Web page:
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Sahara: A Cultural History ebook

by Eamonn Gearon


Eamonn Gearon is an author, Arabist, and analyst. Gearon's career goal has been the development of understanding and insight between the Greater Middle East and the West. Gearon is best known for his book The Sahara: A Cultural History (2011)

Eamonn Gearon is an author, Arabist, and analyst. Gearon is best known for his book The Sahara: A Cultural History (2011). Gearon is also a desert explorer. In 1997, he began his lifelong education in desert survival, navigation and camel husbandry.

бесплатно, без регистрации и без смс. The Sahara is the quintessence of isolation, epitomizing both remoteness and severity of environment unlike any other place on the face of the earth

бесплатно, без регистрации и без смс. The Sahara is the quintessence of isolation, epitomizing both remoteness and severity of environment unlike any other place on the face of the earth. Replete with myths and fictions, it is a wild land, dotted with oases and camel trains trudging through sand dunes that roll like the waves on a sea, as far as the distant horizon. But this is just part of the picture.

Sahara: A Cultural History it's just snippets of stuff with an overarching theme.

Sahara: A Cultural History. by. Eamonn Gearon (Goodreads Author). Seriously, it's like a couple dozen of those little essays you get in English exams to test your reading comprehension - both in the level of interest and in the level of writing.

Listen to author Eamonn Gearon speak with Steve Gilmour at Talk Radio Europe about his new book "The Sahara: A Cultural History. 4. Turning Points in Middle Eastern History.

Publisher Information. First published in 2011 by. Signal Books Limited.

Out now. English English. Parts two and three of The Sahara: A Cultural History serve as a sweeping history of the Sahara from ancient Egypt’s Land of the Dead to the armies of Islam and finally to the 20th century calls for independence from Saharan nations. This expansive historical sweep is much more readable than other histories thanks to lighter, interspersed stories and anecdotes like a section debunking camel myths. Woe to any foolhardy reader who dares call camels lazy.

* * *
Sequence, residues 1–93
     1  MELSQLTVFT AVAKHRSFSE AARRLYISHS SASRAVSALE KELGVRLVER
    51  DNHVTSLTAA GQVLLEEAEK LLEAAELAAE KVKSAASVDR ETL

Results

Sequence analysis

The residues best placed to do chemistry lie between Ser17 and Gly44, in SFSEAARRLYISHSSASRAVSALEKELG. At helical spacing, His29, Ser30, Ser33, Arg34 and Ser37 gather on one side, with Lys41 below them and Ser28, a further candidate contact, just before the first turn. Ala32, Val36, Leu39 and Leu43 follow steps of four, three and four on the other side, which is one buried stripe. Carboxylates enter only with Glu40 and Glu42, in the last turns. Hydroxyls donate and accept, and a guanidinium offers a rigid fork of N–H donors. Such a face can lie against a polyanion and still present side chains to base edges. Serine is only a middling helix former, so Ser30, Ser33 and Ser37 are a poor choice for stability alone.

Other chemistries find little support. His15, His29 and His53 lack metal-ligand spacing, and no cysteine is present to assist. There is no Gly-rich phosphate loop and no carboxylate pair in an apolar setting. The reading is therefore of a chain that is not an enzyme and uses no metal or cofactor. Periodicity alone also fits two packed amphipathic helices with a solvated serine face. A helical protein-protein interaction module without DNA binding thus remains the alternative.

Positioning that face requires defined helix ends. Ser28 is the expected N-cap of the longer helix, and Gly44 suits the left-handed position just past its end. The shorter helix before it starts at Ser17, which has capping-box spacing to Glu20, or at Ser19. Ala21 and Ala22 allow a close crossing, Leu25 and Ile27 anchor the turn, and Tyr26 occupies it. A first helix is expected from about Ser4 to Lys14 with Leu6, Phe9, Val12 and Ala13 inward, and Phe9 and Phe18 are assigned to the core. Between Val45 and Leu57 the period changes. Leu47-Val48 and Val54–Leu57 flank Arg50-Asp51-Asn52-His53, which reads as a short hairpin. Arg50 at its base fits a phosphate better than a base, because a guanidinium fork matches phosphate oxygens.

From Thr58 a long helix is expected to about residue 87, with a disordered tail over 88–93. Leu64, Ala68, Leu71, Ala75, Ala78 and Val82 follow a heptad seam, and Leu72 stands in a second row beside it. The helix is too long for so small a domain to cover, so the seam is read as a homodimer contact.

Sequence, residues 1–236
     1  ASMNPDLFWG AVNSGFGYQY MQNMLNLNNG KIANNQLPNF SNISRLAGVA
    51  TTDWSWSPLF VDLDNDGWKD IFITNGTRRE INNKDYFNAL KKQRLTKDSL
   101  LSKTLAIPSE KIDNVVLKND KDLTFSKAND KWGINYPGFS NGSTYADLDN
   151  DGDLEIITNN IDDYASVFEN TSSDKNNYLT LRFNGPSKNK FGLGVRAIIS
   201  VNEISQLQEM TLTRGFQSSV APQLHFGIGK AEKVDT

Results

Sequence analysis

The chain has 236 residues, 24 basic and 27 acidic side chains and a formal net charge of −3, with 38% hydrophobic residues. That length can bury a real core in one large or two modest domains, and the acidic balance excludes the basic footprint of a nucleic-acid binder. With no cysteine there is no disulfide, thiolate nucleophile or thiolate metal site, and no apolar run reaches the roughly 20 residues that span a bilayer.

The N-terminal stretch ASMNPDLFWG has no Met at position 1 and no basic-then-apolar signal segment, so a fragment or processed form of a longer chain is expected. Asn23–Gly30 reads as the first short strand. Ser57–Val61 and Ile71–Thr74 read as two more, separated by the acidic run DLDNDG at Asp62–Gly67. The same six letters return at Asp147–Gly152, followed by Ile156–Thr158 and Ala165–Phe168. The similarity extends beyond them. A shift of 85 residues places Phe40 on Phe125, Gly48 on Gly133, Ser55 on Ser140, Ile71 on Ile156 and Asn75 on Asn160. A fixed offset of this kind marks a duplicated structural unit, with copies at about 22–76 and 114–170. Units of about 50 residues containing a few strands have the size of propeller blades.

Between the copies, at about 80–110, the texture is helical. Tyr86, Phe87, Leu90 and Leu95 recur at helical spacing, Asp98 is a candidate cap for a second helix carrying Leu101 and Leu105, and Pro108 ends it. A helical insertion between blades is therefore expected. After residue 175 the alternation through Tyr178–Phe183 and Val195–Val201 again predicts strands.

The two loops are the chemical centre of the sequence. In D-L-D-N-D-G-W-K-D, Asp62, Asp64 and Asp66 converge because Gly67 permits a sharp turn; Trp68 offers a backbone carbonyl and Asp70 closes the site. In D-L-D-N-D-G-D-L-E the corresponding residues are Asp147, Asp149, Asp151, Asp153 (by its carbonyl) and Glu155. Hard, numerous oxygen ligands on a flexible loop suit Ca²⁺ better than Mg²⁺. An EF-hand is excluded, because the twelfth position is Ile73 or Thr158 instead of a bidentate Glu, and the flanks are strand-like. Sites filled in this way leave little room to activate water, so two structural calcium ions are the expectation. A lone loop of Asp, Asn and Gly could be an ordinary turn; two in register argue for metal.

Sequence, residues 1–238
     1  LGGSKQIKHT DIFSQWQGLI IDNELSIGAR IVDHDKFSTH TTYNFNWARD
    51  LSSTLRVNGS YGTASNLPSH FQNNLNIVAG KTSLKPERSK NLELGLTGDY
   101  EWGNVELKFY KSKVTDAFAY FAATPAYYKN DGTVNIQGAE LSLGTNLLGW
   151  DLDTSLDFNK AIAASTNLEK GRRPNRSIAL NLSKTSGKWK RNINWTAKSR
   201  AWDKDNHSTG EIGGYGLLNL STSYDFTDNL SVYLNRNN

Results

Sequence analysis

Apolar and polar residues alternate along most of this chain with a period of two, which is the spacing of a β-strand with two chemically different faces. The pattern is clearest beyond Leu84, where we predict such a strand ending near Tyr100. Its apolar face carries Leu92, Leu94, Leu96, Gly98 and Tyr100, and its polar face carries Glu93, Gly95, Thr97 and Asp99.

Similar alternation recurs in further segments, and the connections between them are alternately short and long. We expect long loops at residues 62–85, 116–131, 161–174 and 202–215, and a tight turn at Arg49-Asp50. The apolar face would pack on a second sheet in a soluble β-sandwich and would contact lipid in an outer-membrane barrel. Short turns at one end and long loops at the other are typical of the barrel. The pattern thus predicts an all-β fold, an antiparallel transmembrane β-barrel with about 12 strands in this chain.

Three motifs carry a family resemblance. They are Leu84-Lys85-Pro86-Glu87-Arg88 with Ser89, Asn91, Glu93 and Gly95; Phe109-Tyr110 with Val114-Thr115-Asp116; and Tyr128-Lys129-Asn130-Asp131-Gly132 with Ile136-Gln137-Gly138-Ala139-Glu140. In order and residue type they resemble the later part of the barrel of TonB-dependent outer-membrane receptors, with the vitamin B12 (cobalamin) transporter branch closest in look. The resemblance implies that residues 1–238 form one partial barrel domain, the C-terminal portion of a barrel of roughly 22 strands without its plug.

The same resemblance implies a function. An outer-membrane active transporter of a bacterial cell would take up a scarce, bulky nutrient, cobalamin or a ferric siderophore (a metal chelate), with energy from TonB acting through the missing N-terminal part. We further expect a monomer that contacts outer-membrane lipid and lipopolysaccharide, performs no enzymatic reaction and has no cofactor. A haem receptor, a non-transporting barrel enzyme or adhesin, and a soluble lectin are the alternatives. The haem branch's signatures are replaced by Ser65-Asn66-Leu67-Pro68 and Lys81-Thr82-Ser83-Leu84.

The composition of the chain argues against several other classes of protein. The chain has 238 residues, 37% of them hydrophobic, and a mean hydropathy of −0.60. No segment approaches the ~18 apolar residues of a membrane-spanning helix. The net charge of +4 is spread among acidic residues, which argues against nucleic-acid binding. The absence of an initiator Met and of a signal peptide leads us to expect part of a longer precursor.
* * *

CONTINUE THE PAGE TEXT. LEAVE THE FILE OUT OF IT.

Eamonn Gearon explores the history, culture, and terrain of a place whose name is familiar to all, but kwn to few. Conquered and Cursed: from the 50,000-strong army of Cambyses, swallowed in a sandstorm in the sixth century B. . Conquered and Cursed: from the 50,000-strong army of Cambyses, swallowed in a sandstorm in the sixth century BC, to the US Marines' first foreign engagement, in 1805; Hannibal and his elephants, Caesar against Anthony and Cleopatra, Alexander the Great, the armies of Islam, Napoleon, and Rommel versus Monty. Eamonn Gearon is an Arabist, author, and camel expert. For the past twenty years, he has lived in the Greater Middle East, focusing on policy issues as an analyst and special advisor. Country of Publication.

Eamonn Gearon has basically taken the whole of North Africa as his focus and yet this reads like the best of regional histories. Eamonn takes a very broad canvas, in terms of geographical extent but also in terms of its earliest history. Fortunately the text is supported by a very helpful map, to which I had to refer on countless occasions, so as to keep my own personal orientation, as I followed in Eamonn's steps across the vastness of the Sahara. The Sahara embraces eleven countries and provides an interface between an Islamic north and a more Christian south, and the origins of the latter religious context are explained as the book proceeds.

Eamonn Gearon is a writer and Arabist. For the past twenty years, he has lived in the Greater Middle East, focusing on policy issues, both as an analyst and a professor. History & Military.

The Sahara is the quintessence of isolation, epitomizing both remoteness and severity of environment unlike any other place on the face of the earth. Replete with myths and fictions, it is a wild land, dotted with oases and camel trains trudging through sand dunes that roll like the waves on a sea, as far as the distant horizon. But this is just part of the picture. The largest desert in the world, the Sahara ranges from the river Nile running through Egypt and Sudan in the east, to the Atlantic coast from Morocco to Mauritania in the west; stretching from the Atlas Mountains and the shores of the Mediterranean in the north, to the fluid Sahelian fringe that delineates the desert in the south.Invaders and traders have come and gone for millennia, but the Sahara is also the place that some people call home. While larger than the United States, this vast area contains only three million people. Africans and Arabs, Berber and Bedu, Tuareg and Tebu. Eamonn Gearon explores the history, culture and terrain of a place whose name is familiar to all, but known to few.